Disney could have retained much of it. I see no reason why any novels taking place prior to Return of the Jedi had to have been thrown out, and why they are now creating their own new stories to fill those gaps; stories that, from what I hear, are not very interesting to begin with, though I personally have yet to read any of them. However, I already have an aversion to deviation of Legends continuity thanks to the Clone Wars cartoon, a show which has just done so many bizarre things to continuity established in Legends, and I shudder to think of what else might get changed.
And again, some of it could have been kept! The novel Labyrinth of Evil, for instance, was written as a tie-in to Revenge of the Sith, and the film even makes a reference to an event in the novel! But nope, it no longer counts! Like... why?
Well, they did keep some elements... Said elements were recycled into recent mobile software, such as a strategy game or a collection of stories that tell some tales of the new canon universe, and there's a fair bit of content that was originally introduced in Legends, just reworked a little to fit into canon. In the end, however, it seems like watered-down reference material, rather than fleshed-out stories, once again slighting the Legends continuity and its rich (and not-so-rich) storylines.
If you want to call it "Legends" and deem it a separate universe from all the new books, games, and comics coming in, fair enough, but must it be locked down? There were stories left unfinished, so many more directions the history of the Legends continuity could have gone, and instead it's now left to sit incomplete for the rest of its embattled existence. It's hard for me to see this as anything but a large middle finger to the fans of these stories—or at least the good stories, anyway—so that Disney can just spin their own stories and make their own profit and legacy. Hell, Lucas revealed that Disney elected not to use his story treatments for the new films. Now, who knows, maybe the new story group found potential in a brand new storyline of their own, but Lucas isn't a bad storywriter; the prequel trilogy did have a good story, it was just muddled by very, very poor presentation. Lucas's story in the hands of a competent film team has great potential! That's exactly the case with fan-favorites Empire Strikes Back and Return of the Jedi, after all.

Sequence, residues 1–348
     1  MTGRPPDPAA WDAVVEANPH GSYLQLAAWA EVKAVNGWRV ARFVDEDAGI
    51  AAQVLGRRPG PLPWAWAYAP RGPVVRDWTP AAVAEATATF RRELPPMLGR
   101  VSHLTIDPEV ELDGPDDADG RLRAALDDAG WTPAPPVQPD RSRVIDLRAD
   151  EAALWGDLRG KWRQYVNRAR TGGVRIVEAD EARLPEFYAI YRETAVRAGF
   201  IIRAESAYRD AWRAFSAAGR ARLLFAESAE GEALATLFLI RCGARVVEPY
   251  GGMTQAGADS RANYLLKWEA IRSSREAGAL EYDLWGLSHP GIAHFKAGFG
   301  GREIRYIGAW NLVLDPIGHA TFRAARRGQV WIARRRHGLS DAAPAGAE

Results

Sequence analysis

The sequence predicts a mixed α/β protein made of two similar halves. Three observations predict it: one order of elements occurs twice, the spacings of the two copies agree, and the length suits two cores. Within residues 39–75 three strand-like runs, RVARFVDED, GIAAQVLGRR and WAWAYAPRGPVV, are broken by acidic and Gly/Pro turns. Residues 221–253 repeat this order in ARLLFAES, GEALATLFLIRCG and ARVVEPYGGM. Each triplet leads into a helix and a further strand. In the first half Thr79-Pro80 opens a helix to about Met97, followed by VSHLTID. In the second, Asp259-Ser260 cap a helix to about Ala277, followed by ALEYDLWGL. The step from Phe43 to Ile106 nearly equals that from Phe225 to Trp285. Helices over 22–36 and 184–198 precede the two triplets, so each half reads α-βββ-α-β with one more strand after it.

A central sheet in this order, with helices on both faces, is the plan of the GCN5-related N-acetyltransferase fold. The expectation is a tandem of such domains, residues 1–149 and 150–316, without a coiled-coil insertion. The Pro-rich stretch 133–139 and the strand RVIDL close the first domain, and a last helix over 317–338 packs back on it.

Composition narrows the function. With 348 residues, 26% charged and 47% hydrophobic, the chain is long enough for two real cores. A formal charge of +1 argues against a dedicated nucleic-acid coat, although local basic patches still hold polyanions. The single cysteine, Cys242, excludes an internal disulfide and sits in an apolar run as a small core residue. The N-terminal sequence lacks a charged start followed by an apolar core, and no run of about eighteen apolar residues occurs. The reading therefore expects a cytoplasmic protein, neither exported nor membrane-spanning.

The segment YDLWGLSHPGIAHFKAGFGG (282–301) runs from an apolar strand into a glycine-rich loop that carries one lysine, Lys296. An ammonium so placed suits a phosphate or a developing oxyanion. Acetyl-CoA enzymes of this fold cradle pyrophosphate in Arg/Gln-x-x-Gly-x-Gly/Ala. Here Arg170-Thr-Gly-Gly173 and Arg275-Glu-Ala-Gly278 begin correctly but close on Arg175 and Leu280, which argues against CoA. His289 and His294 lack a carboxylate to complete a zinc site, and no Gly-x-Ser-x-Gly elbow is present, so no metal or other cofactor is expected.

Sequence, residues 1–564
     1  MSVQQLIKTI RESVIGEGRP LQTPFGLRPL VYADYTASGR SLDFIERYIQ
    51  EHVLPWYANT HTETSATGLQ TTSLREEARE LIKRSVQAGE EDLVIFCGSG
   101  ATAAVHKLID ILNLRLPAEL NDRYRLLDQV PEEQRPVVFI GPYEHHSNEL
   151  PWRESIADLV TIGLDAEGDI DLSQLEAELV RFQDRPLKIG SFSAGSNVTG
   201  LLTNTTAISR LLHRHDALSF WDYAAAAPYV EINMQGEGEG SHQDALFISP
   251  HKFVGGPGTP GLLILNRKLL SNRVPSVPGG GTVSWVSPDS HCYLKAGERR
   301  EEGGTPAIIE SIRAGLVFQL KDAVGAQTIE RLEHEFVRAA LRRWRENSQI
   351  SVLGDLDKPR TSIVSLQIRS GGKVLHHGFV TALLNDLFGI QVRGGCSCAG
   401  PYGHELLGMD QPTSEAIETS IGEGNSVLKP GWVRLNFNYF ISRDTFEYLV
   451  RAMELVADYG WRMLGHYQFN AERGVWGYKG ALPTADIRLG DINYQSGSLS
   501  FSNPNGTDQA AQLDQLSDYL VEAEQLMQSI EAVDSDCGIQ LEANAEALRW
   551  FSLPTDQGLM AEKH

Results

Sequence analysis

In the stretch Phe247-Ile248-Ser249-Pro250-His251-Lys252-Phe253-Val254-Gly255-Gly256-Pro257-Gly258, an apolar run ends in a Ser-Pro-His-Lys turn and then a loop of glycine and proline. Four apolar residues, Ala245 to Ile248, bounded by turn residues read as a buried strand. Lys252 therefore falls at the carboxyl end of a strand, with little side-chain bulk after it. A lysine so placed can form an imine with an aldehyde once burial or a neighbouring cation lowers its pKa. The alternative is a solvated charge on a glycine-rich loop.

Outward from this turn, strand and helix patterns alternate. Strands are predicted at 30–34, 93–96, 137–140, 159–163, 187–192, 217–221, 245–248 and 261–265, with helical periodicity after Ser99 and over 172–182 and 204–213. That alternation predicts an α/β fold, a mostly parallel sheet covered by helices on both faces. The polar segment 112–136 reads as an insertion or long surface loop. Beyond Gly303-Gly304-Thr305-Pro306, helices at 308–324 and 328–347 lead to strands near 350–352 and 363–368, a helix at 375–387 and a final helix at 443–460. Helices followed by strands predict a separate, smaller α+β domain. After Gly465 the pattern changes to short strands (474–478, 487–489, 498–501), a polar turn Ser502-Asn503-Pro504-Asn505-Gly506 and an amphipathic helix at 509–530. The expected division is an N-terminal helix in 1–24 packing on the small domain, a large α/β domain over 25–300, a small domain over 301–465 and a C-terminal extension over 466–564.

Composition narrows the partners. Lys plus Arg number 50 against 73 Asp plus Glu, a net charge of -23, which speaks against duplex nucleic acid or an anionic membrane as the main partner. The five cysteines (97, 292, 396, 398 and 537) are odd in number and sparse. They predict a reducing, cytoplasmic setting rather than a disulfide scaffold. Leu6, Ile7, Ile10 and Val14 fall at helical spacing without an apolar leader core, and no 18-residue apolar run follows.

Not that this is entirely a bad thing for Lucas, as he's reportedly said he's looking forward to being able to be surprised by a Star Wars film, but at the same time, it still feels cheap of Disney to disregard so many years of beloved writing, as well as the creator's own stories!
Maybe in the end, I'm just an upset fanboy. I'm aware that there's a sizable crowd that never cared about Legends, or even actively disliked it, and are happy for the reboot and eager to follow a unified, overseen canon. And sure, that's well and good, and I hope it turns out well. But many fans of Legends rightfully feel betrayed by the sudden axing of all the stories they held dear for so many years; as I said above, more than thirty years. I feel like it wouldn't be too much to ask to allow the Legends continuity to continue; they've already given the "Legends" brand to signify their separation from canon, and they plan to recirculate the stories with the brand, so I don't see continuing the Legends continuity as much of a problem.
But after all is said and done, Legends made a solid, prolific run. There's not all good, but several of the stories are clever and enriching of the galaxy far, far away we know and love. They may be gone, but to fans like me, they'll always remain in my heart.